Voynitsky's remarks almost reduce Telegin to tears. Apparently his wife deserted him the day after their wedding because of his "unprepossessing appearance." "Waffles" has remained faithful, however, supporting the children she has had by her lover. Though miserable, he has retained his pride, while his wife has grown old, and her lover has died.
As one might have noticed, most of the characters of Uncle Vanya are consumed with lethargy, boredom, and regret over their disappointing lives, mourning years they have wasted in drudgery and the ways in which their fates might have been different. To recall Voynitsky's description of his mother, the characters here are half-dead with bitterness and hopeless seek the renewal of their lives. Their malaise is reflected in the mugginess of the afternoon; indeed, Voynitsky will remark in the following scene that in such "lovely weather" one could hang oneself.
Astrov introduces this theme of the wasted life in two extended speeches. Notably Astrov describes being surrounded by "eccentric people" and then, in the course of his disappointing life, becoming "strange" himself. This motif of estrangement—referring to a sense of alienation from not only those around you but from yourself as well—will recur in relation to the aging doctor. Astrov's becoming strange to himself over the years is materialized here by his "colossal" and "asinine" moustache—a moustache utterly foreign to his own self-concept.
One might also note that the motif of self-estrangement describes Astrov's constant introspection as well. To some extent, the self-reflection he undertakes requires that he "make himself strange", that he distance himself from what is conventionally considered the most familiar—one's inner life. This self-estrangement is matched by the distance Astrov takes from the world around him when brooding. Though ostensibly addressed to Marina, his speeches seem to proceed entirely without their manifest listener in mind. Note how Astrov suddenly remembers that Marina is next to him at the end of his first speech ("Except you, perhaps, you're the only one I may love") and then rambles off into a memory of his childhood nanny.
Also of interest is Astrov's story of the patient who dies while anesthetized. A few lines above, Astrov relates how his feelings have become dead to the world, how he no longer needs, wants, or loves. This numbness is tantamount to a kind of anesthesia: thus we can consider the dead patient Astrov's double, and, indeed, Astrov himself might be aware of this doubling. Tellingly, his "feelings [come] back again" when the patient dies. As he confesses: "I was tortured so much by my conscience I felt that I'd deliberately killed him." One could argue then that Astrov "kills"—albeit accidentally—the anesthetized patient, which doubles for ending his own anesthetizing in order to feel again, even if that feeing is one of guilt.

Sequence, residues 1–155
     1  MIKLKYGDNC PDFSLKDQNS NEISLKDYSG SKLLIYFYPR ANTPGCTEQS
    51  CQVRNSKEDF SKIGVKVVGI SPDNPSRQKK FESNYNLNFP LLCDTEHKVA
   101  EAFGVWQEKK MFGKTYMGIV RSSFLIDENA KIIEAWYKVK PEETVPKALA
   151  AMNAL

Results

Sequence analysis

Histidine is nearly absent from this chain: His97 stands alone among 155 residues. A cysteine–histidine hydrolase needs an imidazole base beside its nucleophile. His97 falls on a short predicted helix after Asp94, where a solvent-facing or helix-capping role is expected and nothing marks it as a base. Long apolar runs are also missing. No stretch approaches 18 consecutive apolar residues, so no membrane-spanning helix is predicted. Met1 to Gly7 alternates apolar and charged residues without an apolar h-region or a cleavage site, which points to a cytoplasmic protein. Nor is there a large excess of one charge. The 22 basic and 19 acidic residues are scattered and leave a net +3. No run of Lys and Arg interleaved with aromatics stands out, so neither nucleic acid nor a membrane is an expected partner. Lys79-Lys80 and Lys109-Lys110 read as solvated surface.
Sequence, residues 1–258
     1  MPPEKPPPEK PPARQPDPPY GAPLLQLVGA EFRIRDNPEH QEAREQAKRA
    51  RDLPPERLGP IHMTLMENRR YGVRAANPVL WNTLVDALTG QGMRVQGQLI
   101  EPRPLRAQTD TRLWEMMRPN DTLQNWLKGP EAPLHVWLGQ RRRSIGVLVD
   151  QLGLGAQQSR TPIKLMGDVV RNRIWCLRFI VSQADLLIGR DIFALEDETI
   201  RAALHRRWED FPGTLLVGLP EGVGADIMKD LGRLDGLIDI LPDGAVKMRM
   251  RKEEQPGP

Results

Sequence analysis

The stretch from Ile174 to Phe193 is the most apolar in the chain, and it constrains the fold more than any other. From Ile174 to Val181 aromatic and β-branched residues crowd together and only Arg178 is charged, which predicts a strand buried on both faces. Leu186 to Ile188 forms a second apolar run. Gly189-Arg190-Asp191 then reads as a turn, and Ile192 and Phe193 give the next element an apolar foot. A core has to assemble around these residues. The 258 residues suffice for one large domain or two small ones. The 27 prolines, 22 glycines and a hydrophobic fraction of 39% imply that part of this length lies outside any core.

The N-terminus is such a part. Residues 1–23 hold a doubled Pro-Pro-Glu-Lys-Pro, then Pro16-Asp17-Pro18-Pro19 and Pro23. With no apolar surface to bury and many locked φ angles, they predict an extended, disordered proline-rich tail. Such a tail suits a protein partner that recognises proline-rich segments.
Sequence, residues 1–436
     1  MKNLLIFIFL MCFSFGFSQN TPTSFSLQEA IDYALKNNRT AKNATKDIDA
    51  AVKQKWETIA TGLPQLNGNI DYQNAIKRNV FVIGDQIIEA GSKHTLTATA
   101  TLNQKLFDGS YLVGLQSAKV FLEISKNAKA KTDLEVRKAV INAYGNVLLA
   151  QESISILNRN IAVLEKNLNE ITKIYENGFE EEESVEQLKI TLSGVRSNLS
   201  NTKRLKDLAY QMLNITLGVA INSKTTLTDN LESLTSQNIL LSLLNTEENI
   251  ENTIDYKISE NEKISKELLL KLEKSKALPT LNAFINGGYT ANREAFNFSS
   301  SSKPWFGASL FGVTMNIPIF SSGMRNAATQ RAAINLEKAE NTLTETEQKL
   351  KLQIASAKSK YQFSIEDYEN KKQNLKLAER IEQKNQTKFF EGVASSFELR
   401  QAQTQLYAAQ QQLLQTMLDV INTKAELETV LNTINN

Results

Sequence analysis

Speeches such as Astrov's will recur throughout Uncle Vanya, the inner life of the characters constantly standing to release a torrent of unhappy introspection. In reading these artificially long speeches, however, we should keep in mind that they burst through the surface of a realistic, everyday context—indeed, a dialogue, action, and setting defined by banality and petty detail. Recall, for example, the anecdote of the dining schedule or Voynitsky's famous understated entrance: "[Comes out of the house. He has had a good nap after lunch and appears rumpled. He sits down on a bench and adjusts his stylish tie.] Yes [pause] Yes" One might also recall here that the name "Vanya" is as common as "Jack" or "John" in English. Such use of banality helps to compose the very particular malaise described above, the misery in passing through the course of the everyday. Indeed, as we will see, everyday routine will ultimately subsume the changes in the characters' lives that their speeches might seem to foreshadow.